As for the Symphonie Romane, Joseph Nolan explains in his note that he was given an eleventh hour opportunity to record it on the same Cavaillé-Coll instrument at Saint-Sernin, Toulouse for which it was written, and this replaced his original Madeleine account which will presumably remain in the Signum vaults. On hearing the initial bars of the Romane one is immediately aware of a less ’fusty’ countenance. As its name suggests, Gregorian strains inhabit the whole of this symphony. Here Yuletide yields to Easter, as the gradual Haec Dies inhabits each of the movements. The opening Moderato is a tautly conceived, elaborate panel which builds from the statement of the chant’s initial motif over a pedal. This movement seems decidedly more contemporary in Nolan’s transparent reading than its 1899 dating might suggest. The Choral proceeds over a rather world-weary descending four-note motif in the bass – the pellucidity of its expression seems to arise from textures which seem sparse on first hearing but reveal far more detail on closer inspection. The delicate, modally inflected Cantilene anticipates the language of both Maurice Duruflé and Marcel Dupré and settles the listener before the mighty Finale, a magnificent and varied edifice which ends on a more subdued note. There is little to choose here between Boysen and Nolan; for my money the clean organ sound and visionary interpretation in each case more than suit Widor’s prescient inspiration.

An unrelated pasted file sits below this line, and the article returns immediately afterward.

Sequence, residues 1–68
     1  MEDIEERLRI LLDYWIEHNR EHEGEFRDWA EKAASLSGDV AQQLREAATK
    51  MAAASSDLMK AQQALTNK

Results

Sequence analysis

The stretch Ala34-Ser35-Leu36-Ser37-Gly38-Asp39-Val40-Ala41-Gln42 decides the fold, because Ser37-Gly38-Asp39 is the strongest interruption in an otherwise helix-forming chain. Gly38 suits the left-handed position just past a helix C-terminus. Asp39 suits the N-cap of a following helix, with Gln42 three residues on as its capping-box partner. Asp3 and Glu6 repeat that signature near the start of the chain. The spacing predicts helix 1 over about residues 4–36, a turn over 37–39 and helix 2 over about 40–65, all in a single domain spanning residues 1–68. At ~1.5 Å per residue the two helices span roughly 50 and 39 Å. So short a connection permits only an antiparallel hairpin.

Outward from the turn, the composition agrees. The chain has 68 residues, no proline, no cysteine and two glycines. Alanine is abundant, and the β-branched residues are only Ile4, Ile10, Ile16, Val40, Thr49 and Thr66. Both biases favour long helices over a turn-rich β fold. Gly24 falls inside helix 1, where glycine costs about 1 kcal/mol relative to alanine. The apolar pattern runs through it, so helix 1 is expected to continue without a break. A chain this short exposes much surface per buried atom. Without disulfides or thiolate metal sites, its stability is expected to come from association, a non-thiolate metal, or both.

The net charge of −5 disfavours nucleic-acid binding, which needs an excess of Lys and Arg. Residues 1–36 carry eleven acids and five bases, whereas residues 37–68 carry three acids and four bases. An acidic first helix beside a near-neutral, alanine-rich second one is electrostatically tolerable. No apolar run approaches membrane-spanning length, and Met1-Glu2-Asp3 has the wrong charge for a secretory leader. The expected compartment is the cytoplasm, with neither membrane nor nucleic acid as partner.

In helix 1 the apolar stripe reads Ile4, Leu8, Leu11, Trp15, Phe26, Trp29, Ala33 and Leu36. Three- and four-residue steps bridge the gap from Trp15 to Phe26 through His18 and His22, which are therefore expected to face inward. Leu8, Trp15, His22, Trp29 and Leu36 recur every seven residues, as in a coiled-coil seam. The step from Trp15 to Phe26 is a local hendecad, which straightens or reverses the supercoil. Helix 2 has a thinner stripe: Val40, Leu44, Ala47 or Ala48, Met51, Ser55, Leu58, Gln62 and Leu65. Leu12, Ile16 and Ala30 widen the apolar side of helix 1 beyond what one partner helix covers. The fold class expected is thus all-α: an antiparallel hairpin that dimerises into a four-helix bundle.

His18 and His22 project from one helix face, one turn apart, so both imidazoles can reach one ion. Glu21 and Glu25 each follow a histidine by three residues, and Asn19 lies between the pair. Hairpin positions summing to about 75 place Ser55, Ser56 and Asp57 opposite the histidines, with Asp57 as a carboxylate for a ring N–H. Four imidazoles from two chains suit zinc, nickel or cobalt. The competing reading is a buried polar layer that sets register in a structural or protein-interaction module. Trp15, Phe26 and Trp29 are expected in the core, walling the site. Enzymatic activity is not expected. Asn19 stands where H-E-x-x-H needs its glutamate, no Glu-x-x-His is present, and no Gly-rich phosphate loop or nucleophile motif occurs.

So much for the symphonies; in this splendid box Joseph Nolan provides a complete conspectus of Widor’s oeuvre for the organ which involves two final discs. The most important of his later works is the understated Suite Latine of 1927, three of whose six movements again display the influence of Gregorian plainchant. In the gnomic Praeludium the venerable composer keeps his cards close to his chest and drops careful hints of a lifetime of fully-absorbed experience – it exudes neo-classical grace. The austere melody that opens the Beatus Vir is plainly Gregorian in origin – this is a calm movement of profound concentration entirely devoid of extraneous décor. The Lamento is resigned and seems to project a wistful half-smile rather than undiluted sadness- does its concluding phrase hint at a Debussy Prelude? In Ave Maris Stella the composer plays about, at times almost mischievously with the eponymous Marian hymn.The fifth movement is a delicately layered Adagio whose subtleties only emerge with familiarity. The action of the Saint-Sernin instrument is most apparent in these two movements but frankly adds to rather than detracts from the ambience. Widor saves any fireworks for the florid Lauda Sion finale; Nolan produces an imaginatively coloured and elegantly tiered account which blends restraint and affirmation.